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Recipe: Lemon Soup (Avgolemono)

Avgolemono Soup

There is a little Greek shop at the Pike Place Market in downtown Seattle. When I was younger and living here, I used to frequent it, getting tasty hot lemon soup to perk up these cold grey rainy days. I left for almost 15 years, and boy did I miss that soup! But ahhh, I’ve recreated it. And, while the memory is not as sweet, the taste is dare I say better than the original! (Plus it’s vegetarian.)

Beautiful Meyer Lemons To Be Squeezed!

Lemon Soup / Avgolemono


  • 3 C Vegetable Stock
  • 1/2 C White Rice
  • 2 Eggs
  • 1/2 C Fresh Lemon Juice (we use meyer lemons)*
  • Additional 2T Fresh Lemon Juice for garnish
  • Chopped Fresh Parsley for garnish

*1/2 cup lemon juice = between 5 and 7 lemons = approximately 1.5 lbs of lemons.

Good Local Winter Meal


1. Combine vegetable stock and rice in a small pot and bring to a rolling boil.

2. Reduce heat, cover and simmer for about 20 minutes, or until the rice is tender.

3. In a bowl, whisk eggs and 1/2 C lemon juice just until uniform in color.

4. Slowly stir 2T of the cooked stock/rice broth into eggs and juice mixture.

5. While gently stirring the stock and rice, very slowly pour eggs and juice mixture, mixing constantly. (Note: the slow pour and constant mixing keep the eggs from curdling in the heat.)

6. Ladle into bowls, and top with chopped parsley. Slowly pour 2T lemon juice so that it sits on top and does not mix into the soup.

Makes about four cups, just enough for two people for dinner.

Our tasty dinner of sauteed beet greens and shallots and avgolemono soup

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13 comments to Recipe: Lemon Soup (Avgolemono)

  • Jerry

    1. You can remove the soup from the heat before stirring in the lemon juice and egg mixture. Beginners might find this step prevents your Greek egg-lemon soup becoming Chinese egg-drop soup. :)

    2. You can also use orzo pasta instead of rice (if you get tired of rice) for a similar appearance but different taste. My Greek mother does this, so it has to be “authentic”.

  • thanks for the recipe it sounds lovely, refreshing and a bit different – good to find new ways to use the lemons we get given!

  • Yum. Great taste to look forward to this week. For me it evoked memories of a Lebanese lemon soup my MIL made years ago, called Zaneckle (phonetically). The eggs weren’t included, but to thicken and/or add some substance the soup was filled with small, flattened ballls. These disks were made from presoaking cracked wheat (bit more fine than bulgar) for at least 20 minutes. Then flour was added to until balls could be shaped. The only seasoning I recall is salt and pepper.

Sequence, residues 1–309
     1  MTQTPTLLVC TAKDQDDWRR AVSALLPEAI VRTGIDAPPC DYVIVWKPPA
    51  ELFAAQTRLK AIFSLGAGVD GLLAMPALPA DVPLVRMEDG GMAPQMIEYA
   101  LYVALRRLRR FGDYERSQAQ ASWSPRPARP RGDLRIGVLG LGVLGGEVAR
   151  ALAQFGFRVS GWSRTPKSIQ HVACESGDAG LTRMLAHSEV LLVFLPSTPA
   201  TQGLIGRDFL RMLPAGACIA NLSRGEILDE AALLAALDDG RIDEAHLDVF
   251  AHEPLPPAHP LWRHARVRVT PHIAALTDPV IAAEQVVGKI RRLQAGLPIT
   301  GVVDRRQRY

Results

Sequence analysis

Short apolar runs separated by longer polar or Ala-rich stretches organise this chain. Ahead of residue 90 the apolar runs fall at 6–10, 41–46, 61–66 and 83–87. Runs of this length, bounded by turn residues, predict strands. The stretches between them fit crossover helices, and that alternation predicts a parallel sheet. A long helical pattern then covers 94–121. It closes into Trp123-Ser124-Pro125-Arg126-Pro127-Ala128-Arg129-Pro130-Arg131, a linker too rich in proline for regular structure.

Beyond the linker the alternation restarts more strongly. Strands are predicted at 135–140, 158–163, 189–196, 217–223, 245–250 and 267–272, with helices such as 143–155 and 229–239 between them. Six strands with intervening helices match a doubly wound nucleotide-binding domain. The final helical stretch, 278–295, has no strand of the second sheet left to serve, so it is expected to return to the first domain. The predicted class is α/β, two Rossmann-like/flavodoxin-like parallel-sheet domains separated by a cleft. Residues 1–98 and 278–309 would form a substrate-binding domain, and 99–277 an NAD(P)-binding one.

These cook in the same amount of time the rice takes. She also grated some carrot into the soup for some color. Fond memory and lemon is at the very top of my favorite tastes.

  • What a great way to bring sunshine to a cold winter day!

    My mouth is watering LOL

  • Oh wow that sounds so refreshing. A friend of mine is sending a birthday package with some lemons from her tree- I must remember to make this when I get them. My mouth is literally watering right now at the thought.

  • I love lemon, I’ve book marked this page and am going to make it real soon. Thanks.

  • This sounds wonderful! I live south of Seattle and understand needing the pick me up on our loooooooong gray days! I can’t wait to try this, Kim

  • Joy

    Oh, I have to try this!! Sounds delish!

  • Jerry, Thanks for the tips! For me, the slow, steady pour combined with the constant stirring does the trick. LOL lemon egg-drop soup = not so yummy sounding….

    catalangardener, Enjoy!

    katecontinued, Wow, sounds very interesting. I’m sure it is similar. I had a slightly different version when I was in Turkey, too. I believe they used flour instead of rice? Not sure.

    Lemon things make me happy. I don’t know why, but lemons strike fond memories with me, also. Maybe it’s their color, or the fact that when I was little we had a meyer lemon tree. My friend and I used to consume oodles of them. Somehow my mom thought they’d eat the enamel on our teeth, so we’d have to hide beneath the tree as we ate them!

    shawnag, : ) Definitely.

    Angelina, Ah, from today’s post, you now have lots of choices!

    changingways, You’re welcome. Be sure to check out the Recipes page – there are more!

    inadvertantfarmer, : ) I’ve added your blog to the Northwest Resources page – I didn’t know you were so close!

    Joy, It is! Enjoy!


    Deliciosa, para chparse los dedos. Super original. Gracias

  • [...] this is a question I’ve been asked several times in the last few weeks. The tasty soups, the yummy squash recipes, the pancrack… they were popular posts! Why have the recipes [...]

  • Gordon

    Can this soup also be served cold during the summer? If so, is the prep any different?

    I am now on my own and looking for recipes to “wow” the ladies! Hahaha


  • Hi Gordon, I haven’t served it cold… I think the consistency might change, so if you’re going to experiment, I’d do a pre-trial run before inviting one of the ladies to partake! Even warm, though, it’s a nice summer soup – they will be impressed! ; )

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